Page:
Other forms of life insurance include “cash value” policies where a savings component is combined with insurance.  Portions of your premiums go towards the insurance component known as mortality costs and the remainder is contributed to building cash value.  There are various types of cash value policies including whole life, universal life, variable life, and hybrid policies that combine features of each.  These policies can range from pretty basic to extremely complex.  Anytime a complex decision is presented, many differing opinions emerge.  Cash value insurance is vilified by some (usually about fees) and praised by others (about removing the possibility of loss).  As for my own opinion, I believe that these policies are largely unnecessary.  However, they can be appropriate for the most risk averse savers who understand they’re paying a premium for the insurance component.  To go any further would be going down a rabbit hole that this article isn’t meant to cover, so I’ll have to save it for future posts.

What happens when you need to replace income due to disability?  Term insurance only pays a benefit if you die and cash value policies take decades to accumulate significant assets.  Again, for physicians, this goes back to protecting your investment in obtaining skills in medicine.  These skills earn you a high income, so it would be disastrous if you were to become unable to utilize them.  There are multiple sources of coverage including Social Security Disability Insurance, Workers Compensation, employer provided insurance, and self insurance.  Each of these are provided by differing levels of governance as shown below.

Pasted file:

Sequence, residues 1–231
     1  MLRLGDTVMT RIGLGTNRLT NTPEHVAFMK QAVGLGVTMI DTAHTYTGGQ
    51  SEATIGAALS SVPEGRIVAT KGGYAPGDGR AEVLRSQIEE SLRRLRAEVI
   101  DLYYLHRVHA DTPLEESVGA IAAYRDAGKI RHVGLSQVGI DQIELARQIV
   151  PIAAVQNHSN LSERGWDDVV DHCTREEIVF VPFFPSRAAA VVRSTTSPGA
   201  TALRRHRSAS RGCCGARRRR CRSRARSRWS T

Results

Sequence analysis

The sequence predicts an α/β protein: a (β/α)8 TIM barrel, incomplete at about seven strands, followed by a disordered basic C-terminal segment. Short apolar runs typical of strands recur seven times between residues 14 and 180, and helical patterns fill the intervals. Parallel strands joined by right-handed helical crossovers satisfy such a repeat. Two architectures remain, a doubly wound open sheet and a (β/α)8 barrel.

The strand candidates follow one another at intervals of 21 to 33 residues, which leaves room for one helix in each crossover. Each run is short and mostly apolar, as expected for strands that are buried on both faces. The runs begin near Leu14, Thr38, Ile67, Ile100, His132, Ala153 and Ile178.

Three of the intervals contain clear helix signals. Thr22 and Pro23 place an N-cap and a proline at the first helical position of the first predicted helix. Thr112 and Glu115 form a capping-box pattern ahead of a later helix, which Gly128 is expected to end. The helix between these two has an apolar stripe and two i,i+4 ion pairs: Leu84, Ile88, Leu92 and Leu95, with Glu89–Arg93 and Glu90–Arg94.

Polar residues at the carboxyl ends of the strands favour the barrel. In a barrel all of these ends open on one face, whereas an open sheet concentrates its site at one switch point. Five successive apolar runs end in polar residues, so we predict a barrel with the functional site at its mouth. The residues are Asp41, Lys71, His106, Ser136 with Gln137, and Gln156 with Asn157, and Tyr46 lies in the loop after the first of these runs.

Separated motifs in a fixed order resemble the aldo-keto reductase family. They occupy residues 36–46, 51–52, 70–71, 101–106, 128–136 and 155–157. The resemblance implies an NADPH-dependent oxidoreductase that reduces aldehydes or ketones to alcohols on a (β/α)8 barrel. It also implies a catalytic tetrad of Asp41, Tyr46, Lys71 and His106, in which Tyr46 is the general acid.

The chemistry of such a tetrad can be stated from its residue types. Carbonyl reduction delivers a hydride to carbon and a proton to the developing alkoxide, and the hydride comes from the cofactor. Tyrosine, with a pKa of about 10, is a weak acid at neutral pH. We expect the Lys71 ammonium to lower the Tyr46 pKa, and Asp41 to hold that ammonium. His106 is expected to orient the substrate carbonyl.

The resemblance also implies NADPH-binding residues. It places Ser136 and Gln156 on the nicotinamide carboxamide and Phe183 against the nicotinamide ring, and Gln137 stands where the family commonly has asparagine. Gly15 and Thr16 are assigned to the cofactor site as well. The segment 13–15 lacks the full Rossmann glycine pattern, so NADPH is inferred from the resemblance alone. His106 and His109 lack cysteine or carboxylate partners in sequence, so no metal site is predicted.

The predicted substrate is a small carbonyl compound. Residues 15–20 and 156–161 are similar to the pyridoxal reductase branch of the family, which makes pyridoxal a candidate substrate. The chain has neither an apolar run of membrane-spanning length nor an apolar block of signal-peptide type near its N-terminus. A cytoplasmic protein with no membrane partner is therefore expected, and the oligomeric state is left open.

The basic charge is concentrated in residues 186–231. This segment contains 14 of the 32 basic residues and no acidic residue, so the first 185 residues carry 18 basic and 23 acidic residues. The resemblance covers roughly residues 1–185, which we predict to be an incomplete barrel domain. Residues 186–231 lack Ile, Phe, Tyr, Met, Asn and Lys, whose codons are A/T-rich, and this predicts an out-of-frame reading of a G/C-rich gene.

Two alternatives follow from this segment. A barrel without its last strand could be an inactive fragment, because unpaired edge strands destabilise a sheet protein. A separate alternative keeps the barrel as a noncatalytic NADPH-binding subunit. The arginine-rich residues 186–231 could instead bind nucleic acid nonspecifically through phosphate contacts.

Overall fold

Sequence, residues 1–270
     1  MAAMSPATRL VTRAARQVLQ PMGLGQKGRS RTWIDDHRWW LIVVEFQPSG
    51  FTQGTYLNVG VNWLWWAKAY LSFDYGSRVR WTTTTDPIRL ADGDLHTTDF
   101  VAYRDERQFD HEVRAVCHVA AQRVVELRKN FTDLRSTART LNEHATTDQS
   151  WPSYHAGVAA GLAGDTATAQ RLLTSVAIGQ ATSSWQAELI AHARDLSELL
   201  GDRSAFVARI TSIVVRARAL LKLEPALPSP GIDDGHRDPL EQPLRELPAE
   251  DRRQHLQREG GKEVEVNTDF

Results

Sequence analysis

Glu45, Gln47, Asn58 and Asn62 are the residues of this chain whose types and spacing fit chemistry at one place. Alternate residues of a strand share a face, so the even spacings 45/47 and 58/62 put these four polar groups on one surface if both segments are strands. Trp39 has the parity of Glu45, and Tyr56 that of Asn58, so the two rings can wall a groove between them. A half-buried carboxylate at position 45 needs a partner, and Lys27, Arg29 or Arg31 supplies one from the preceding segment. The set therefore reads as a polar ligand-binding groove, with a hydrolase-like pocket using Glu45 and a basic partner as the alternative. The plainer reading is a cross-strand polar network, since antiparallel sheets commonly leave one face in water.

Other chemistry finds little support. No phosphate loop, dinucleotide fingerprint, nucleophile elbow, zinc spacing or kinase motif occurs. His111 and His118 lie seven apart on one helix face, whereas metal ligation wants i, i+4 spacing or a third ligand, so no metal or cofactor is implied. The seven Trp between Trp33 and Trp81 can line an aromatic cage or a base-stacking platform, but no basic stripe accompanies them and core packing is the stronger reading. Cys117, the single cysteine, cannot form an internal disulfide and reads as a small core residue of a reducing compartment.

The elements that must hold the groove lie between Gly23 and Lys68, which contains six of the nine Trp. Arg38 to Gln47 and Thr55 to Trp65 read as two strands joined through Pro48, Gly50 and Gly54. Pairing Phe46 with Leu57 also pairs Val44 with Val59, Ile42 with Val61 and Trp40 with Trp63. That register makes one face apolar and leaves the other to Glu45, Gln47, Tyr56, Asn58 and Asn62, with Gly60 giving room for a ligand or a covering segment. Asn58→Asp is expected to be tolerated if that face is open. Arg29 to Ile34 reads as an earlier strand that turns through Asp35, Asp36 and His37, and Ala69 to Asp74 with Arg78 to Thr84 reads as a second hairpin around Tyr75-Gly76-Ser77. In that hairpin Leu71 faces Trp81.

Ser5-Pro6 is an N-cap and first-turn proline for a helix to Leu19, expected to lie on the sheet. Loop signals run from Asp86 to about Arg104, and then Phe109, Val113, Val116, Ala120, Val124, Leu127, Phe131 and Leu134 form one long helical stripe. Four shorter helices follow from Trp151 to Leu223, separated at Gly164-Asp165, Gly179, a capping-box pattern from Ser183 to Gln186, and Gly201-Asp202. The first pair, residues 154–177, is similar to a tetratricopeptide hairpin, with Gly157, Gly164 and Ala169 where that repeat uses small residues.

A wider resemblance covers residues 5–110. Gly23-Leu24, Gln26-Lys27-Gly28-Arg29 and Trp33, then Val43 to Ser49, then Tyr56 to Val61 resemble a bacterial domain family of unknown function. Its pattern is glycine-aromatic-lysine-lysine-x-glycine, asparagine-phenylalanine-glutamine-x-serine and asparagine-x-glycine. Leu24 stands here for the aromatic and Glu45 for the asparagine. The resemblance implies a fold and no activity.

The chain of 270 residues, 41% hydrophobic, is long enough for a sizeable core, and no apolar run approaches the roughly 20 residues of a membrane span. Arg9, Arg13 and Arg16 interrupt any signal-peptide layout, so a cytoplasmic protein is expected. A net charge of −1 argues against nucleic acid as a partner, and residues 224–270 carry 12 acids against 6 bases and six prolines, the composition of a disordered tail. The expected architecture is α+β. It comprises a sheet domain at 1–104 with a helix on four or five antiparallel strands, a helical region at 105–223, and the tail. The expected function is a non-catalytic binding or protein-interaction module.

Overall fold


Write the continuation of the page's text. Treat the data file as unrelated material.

SSDI and Workers’ Compensation are both very restrictive and the benefits are limited.  They will provide you with some income in limited circumstances, but don’t come near replacing a physician’s income.  The next step would be to check out what kind of coverage your employer provides, if any.  You should look to see if short term (<= 6 months) and long term (> 6 months) coverage is in place and what percentage of income is replaced.  After reviewing coverage through your employer, determine if there is still a gap between coverage and your needs.  If a gap still exists, then finding an individual policy is your last option.

The other type of protection under the personal insurance category is covering health care costs.  From here, there are two divisions.  First, health care expense insurance.  The need for this type of insurance is pretty universal.  In fact, it’s required.  Usually your employer will provide coverage for you and your dependents, or if you’re 65 and older you will likely qualify for coverage under Medicare.  However, if your employer doesn’t provide coverage or if you’re self employed you will be responsible to get individual coverage through state or federal insurance exchanges.